Cisco teleports into virtual meetings

Network comms giant Cisco Systems has unveiled a high-definition, video conferencing system that it says can grow into a billion dollar business in five to seven years.

Cisco teleports into virtual meetings

Dubbed TelePresence, it is the latest move by Cisco to expand from its traditional business of network routers and switches into video – a strategy it launched with the February acquisition of cable set-top box maker Scientific Atlanta.

A few analysts who were given a demonstration said TelePresence will likely compete with HP’s Halo Collaboration Studio and other high-end video conferencing products by specialist technology firms like Teliris and Polycom.

It will be available from December in two versions, initially. The basic TelePresence 1000 model, designed for one-on-one meetings, is priced at $79,000 per station.

TelePresence 3000, for larger meetings, is installed in the form of a small conference room with three high-definition screens on which participants are displayed life-size. It is listed at $299,000 per station.

Cisco did not give sales targets, but Marthin De Beer, vice president of its emerging markets technology group, said it would take a few years for the product to turn profitable.

‘We think it could be profitable in two to three years. We think it has potential to become a billion dollar business in five to seven years,’ he told Reuters.

Video conferencing systems have long been touted as a way for companies to cut travel expenses, but they have yet to live up to expectations, partly because of poor video quality and cumbersome technology.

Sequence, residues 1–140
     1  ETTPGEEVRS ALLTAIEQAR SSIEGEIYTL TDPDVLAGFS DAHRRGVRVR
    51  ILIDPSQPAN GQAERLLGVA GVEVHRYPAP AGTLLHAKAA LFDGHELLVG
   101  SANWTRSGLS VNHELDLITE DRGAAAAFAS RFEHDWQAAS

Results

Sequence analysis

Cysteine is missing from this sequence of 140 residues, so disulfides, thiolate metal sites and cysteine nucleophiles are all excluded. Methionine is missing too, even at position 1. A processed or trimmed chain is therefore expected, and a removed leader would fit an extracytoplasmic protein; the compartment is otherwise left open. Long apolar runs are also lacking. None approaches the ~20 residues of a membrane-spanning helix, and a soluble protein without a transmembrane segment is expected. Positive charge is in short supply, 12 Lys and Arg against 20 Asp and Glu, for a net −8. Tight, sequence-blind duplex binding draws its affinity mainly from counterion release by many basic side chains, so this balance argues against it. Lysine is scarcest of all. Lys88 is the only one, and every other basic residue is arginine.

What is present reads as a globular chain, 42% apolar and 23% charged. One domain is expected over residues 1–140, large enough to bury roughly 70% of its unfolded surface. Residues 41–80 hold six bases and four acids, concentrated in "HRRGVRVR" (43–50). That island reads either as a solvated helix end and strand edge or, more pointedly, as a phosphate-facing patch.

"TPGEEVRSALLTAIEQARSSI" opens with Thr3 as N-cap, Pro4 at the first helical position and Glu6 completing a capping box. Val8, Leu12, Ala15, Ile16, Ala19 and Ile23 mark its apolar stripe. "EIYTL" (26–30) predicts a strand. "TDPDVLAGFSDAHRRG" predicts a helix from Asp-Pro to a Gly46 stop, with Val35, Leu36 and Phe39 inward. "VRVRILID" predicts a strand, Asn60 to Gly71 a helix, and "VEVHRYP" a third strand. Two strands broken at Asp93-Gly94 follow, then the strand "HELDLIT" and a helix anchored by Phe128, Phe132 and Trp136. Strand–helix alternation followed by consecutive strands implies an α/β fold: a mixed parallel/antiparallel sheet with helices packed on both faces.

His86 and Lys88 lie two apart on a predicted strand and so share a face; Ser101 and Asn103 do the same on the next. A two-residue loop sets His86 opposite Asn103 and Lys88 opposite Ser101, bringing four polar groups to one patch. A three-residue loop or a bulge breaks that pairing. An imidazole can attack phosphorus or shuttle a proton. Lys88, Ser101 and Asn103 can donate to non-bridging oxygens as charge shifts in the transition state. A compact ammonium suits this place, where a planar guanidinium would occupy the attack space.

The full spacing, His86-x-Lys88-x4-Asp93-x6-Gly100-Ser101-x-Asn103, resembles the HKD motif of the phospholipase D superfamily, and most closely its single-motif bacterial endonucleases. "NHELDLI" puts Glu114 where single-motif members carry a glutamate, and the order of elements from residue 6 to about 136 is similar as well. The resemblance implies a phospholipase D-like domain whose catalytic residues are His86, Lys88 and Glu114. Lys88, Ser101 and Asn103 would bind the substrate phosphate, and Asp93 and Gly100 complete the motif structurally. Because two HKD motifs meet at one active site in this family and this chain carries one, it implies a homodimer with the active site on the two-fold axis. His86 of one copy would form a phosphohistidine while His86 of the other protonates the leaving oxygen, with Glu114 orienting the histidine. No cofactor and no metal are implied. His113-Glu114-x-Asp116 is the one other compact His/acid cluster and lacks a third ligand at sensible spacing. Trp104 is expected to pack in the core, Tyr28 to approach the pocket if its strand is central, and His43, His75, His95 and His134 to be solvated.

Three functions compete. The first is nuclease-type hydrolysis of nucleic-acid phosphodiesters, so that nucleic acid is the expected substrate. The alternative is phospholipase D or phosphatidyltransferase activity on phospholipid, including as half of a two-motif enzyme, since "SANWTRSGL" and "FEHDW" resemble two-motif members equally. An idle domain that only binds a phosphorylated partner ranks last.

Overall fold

Cisco Chief Development Officer Charles Giancarlo said TelePresence’s high-quality screens, as well as speakers and cameras positioned to help users feel like they are in the same room, may persuade companies that have so far shunned video conferencing products.

‘The equipment of a few years ago was never able to deliver real-time experience. TelePresence is something totally different,’ he said.

Cisco said it expects demand for TelePresence to come from a growing number of international companies with offices in places like Bangalore and Shanghai.

Cisco Chief Executive John Chambers recently told his staff to cut the company’s travel budget by 20 percent next year with the help of TelePresence.

HP’s Halo room looks similar to TelePresence 3000, but Halo uses a dedicated network rather than a client’s like TelePresence. Analysts said it was too early to say which system was better or cost-efficient.

‘The question is, can Cisco create the same consistency of quality as HP has demonstrated? Both could succeed,’ said Howard Lichtman, president of Human Productivity Lab, a consultant to companies that sell and buy video conferencing products.

‘Over the next year or so we should see demand for this kind of technology double as early adopters buy more and other companies realize the benefits,’ he said.

Cisco said it expects to diversify the TelePresence product line in coming years, adapting it for a wider range of institutions such as hospitals, banks, and retailers.

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